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The Narrator In Ralph Ellison's Invisible Man

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The narrator in Ralph Ellison’s Invisible Man functions according to his psychological state of mind. Ellison creates the narrator with his own, unique mind, paralleling with the effect he has on the environment and his peers. The narrator's underdeveloped unconscious mind, as well as the constant clashes he has with his unconscious and conscious thoughts, lead him to a straight path of invisibility. Although physical factors also play a role in affecting the narrator's decisions, psychological traits primarily shape the narrator to become an “invisible man”. As Sigmund Freud theorized, the mind is broken up into both the conscious mind and the unconscious mind. Within the unconscious mind exists three different apparatuses: Id, Ego, and…show more content…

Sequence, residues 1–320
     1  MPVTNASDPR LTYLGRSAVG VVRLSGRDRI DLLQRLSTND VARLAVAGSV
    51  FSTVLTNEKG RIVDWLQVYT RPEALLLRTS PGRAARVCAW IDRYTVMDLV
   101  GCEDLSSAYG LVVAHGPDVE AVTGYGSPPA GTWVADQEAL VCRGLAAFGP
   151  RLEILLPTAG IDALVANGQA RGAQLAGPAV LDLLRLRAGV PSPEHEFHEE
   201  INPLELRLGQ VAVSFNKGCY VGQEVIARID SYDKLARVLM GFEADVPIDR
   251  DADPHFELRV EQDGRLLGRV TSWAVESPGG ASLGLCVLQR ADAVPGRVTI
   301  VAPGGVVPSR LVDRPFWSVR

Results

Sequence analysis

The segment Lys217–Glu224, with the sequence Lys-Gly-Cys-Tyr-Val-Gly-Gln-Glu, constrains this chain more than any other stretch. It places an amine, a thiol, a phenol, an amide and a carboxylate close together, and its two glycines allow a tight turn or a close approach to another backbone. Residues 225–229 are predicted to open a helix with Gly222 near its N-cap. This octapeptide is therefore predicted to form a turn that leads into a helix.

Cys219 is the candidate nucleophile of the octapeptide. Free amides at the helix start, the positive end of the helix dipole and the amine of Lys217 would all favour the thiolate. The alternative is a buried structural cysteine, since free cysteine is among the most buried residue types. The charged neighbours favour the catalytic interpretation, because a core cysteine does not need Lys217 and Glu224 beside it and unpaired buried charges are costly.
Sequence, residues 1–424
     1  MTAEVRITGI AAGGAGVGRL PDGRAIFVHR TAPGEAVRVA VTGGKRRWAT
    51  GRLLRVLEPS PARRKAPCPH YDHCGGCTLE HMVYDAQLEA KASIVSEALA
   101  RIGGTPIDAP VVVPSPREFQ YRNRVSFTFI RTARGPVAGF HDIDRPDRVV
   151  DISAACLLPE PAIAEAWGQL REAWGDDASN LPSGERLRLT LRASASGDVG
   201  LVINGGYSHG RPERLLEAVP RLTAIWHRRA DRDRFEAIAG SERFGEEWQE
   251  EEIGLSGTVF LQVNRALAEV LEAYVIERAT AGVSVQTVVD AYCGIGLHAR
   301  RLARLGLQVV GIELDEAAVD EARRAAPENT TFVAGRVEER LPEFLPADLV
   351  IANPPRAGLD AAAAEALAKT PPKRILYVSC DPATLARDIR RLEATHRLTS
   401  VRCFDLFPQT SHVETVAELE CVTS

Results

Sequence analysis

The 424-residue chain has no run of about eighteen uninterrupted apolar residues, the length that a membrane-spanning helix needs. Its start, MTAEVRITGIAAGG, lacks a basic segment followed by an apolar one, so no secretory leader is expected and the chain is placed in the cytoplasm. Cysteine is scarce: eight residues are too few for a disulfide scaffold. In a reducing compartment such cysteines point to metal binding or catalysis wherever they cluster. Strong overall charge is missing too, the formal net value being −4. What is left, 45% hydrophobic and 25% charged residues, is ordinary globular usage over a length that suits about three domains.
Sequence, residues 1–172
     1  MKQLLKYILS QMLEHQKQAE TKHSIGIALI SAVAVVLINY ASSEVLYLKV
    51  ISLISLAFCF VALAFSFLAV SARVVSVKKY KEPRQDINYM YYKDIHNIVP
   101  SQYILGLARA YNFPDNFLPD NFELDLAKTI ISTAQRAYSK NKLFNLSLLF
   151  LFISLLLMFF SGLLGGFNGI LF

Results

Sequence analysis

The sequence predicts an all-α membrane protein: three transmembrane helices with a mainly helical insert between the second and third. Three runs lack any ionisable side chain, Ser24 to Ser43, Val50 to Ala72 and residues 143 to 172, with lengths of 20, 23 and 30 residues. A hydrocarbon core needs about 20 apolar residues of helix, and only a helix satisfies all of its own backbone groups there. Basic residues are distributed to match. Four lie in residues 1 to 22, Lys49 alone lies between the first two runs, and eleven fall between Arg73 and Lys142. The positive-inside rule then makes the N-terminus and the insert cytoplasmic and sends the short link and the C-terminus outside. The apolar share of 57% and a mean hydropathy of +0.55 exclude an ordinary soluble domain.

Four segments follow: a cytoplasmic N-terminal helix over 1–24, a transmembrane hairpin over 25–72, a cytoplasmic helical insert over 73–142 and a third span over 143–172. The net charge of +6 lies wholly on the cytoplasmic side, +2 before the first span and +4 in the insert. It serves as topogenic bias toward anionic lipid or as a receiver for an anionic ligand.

His superego is extremely underdeveloped because of its ability to revert back to the Id with no hesitation, and his ego barely mediates between both the Id and superego, favoring one or the other depending on the situation. This hostility within the unconscious mind creates conscious and unconscious conflicts within the narrator, especially when he questions individual trust. When deciding whether or not to obey certain antagonists such as Dr. Bledsoe or Brother Jack, he begins to analyze the situation drastically, viewing his past experiences as a major factor into his final decision. This train of thought provokes disputes within the narrator's unconscious and conscious mind. In a situation where Bledsoe made the narrator leave the college, the narrator's unconscious mind chose to obey him and leave. However, his conscious mind struggled to make the final decision to go through with it. His conscious constantly reflected on his past actions as well as his possible wrongdoings towards the college, creating a nervous self within the narrator when he was forced to accept Bledsoe’s
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